By Rashod D. Ollison and Rashod D. Ollison,Sun pop music critic | March 29, 2007
As she sang about sleeping with somebody else's husband, Shirley Murdock's heart was in the church. In 1986, the roof-raising soul singer scored her biggest hit with "As We Lay," a tormented, passion-drenched ballad that flew into the Top 10 on the R&B charts and pushed sales of her self-titled debut to gold. "There was so much controversy about that song," Murdock says 21 years later. "It didn't celebrate infidelity. That song was about two people making a bad decision, dealing with the regret.
FEATURES
By Rashod D. Ollison and Rashod D. Ollison,Sun Pop Music Critic | November 7, 2006
Lionel Richie wanted to get closer to his fans - literally. After nearly a decade away from the stage, he has embarked on a national tour of medium-sized venues. During Sunday night's stop at Meyerhoff Symphony Hall, the pop-soul legend said he wanted to know whether he's still "got it." "I've missed you," the Alabama native told the full house of mostly baby boomers. And it felt genuine. For nearly two hours, the 57-year-old singer-songwriter - looking trim, well-groomed and stylish in all-black attire - oozed warmth and charisma.
NEWS
By Peter Kumpa | January 7, 1991
AMERICA was born singing. The first settlers brought their songs with them, like their language and faith, the clothes they liked and the diet they preferred, the plans for their own style of home. They sang as they prayed. They sang as they worked. And they went on singing in play and courtship, in joyful reunion and in sad isolation.The songs and melodies of old were a comfort to new arrivals in a strange and new world. Each group clung to its traditional music like a security blanket. Only PeterKumpaafter a time were there adaptations and changes, and not until the approach of the Revolutionary War was there a need for new and original American songs.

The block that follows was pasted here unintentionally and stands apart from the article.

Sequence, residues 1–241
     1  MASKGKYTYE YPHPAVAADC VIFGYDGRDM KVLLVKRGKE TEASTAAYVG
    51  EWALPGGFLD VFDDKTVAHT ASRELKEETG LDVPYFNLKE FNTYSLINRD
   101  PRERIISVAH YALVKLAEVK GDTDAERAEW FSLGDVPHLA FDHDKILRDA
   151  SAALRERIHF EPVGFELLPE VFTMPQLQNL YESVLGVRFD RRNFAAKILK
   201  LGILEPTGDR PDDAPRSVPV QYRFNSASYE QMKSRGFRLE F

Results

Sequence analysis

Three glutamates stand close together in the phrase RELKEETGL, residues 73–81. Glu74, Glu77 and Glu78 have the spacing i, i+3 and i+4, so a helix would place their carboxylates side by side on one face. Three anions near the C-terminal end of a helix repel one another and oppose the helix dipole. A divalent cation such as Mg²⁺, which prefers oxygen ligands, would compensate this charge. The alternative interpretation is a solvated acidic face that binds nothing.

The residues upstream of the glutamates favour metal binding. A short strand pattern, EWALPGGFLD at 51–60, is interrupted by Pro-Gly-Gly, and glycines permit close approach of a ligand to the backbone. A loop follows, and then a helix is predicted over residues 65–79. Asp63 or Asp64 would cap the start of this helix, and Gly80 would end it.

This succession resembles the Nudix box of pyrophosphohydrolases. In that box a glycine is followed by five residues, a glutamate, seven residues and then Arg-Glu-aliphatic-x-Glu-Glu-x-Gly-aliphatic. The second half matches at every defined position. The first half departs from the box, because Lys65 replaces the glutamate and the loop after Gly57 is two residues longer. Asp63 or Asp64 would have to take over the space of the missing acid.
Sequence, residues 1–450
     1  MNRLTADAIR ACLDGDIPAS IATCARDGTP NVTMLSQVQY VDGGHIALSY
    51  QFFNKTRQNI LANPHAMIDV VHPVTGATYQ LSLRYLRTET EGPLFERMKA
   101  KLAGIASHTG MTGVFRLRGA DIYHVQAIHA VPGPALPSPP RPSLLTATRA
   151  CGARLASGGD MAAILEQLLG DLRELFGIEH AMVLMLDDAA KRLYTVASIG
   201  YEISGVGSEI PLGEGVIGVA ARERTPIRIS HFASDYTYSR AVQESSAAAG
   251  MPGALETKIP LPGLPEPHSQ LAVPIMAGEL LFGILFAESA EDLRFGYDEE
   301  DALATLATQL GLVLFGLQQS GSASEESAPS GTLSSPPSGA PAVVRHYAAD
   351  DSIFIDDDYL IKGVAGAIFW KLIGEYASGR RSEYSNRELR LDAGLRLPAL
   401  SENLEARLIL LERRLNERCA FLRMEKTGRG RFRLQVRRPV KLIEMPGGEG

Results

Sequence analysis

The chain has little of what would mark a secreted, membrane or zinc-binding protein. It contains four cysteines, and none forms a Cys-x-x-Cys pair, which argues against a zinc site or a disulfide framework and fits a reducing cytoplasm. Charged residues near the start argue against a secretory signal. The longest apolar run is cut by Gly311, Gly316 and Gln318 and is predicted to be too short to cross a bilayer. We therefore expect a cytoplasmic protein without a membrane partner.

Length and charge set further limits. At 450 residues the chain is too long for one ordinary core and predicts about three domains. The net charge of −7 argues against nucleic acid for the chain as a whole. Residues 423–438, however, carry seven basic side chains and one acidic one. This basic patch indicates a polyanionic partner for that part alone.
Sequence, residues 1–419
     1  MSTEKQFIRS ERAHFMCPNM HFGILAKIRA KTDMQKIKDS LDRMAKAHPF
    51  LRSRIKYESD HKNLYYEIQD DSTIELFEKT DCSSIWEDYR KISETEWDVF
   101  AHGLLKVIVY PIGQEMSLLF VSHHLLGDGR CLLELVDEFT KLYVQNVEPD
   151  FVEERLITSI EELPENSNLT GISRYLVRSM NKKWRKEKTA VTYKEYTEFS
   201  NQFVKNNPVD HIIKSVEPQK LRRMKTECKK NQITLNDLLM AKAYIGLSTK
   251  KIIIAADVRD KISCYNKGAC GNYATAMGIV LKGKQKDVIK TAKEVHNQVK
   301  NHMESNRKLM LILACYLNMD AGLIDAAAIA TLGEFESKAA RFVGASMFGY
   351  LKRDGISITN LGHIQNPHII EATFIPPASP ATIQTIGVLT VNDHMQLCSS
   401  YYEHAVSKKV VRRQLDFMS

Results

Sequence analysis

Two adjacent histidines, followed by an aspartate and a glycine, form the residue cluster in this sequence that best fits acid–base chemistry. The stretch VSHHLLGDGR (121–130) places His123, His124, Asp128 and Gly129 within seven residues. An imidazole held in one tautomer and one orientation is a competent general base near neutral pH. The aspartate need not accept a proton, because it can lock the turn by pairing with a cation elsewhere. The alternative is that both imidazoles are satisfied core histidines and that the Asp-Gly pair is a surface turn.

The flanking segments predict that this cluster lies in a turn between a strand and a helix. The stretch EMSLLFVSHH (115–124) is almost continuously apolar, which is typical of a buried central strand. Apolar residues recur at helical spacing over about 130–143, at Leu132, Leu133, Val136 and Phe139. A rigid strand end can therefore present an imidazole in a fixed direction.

FEATURES
By Rashod D. Ollison and Rashod D. Ollison,Sun Pop Music Critic | November 7, 2006
Lionel Richie wanted to get closer to his fans - literally. After nearly a decade away from the stage, he has embarked on a national tour of medium-sized venues. During Sunday night's stop at Meyerhoff Symphony Hall, the pop-soul legend said he wanted to know whether he's still "got it." "I've missed you," the Alabama native told the full house of mostly baby boomers. And it felt genuine. For nearly two hours, the 57-year-old singer-songwriter - looking trim, well-groomed and stylish in all-black attire - oozed warmth and charisma.
NEWS
By LAURA MCCANDLISH and LAURA MCCANDLISH,SUN REPORTER | June 12, 2006
With a teal electric bass, a keyboard that mostly emitted sounds of an accordion, and a drum set, a homegrown grupera-style band - Herencia de Mexico - lured mainly Hispanic residents to Westminster City Park. Suavely dressed in salmon and black shirts, black cowboy hats and jeans, offset by cream ostrich-leather belts and boots from their native Toluca, the state capital just west of Mexico City, band members headlined at a minority health fair on a recent Saturday, crooning Spanish ballads heavy on romance.
NEWS
By RASHOD D. OLLISON and RASHOD D. OLLISON,SUN POP MUSIC CRITIC | October 22, 2005
Shirley Horn, Washington native and Grammy-winning jazz pianist and vocalist known for her exquisitely slow ballad style, died Thursday night from complications of diabetes at Gladys Spellman Specialty Hospital and Nursing Center in Cheverly. She was 71. In a career of more than 50 years, Ms. Horn, who was honored last year at a Kennedy Center tribute concert, became famous for her impressionistic piano playing and the meditative way she rendered ballads. But she was also known for her swinging, rhythmic gait on faster pieces.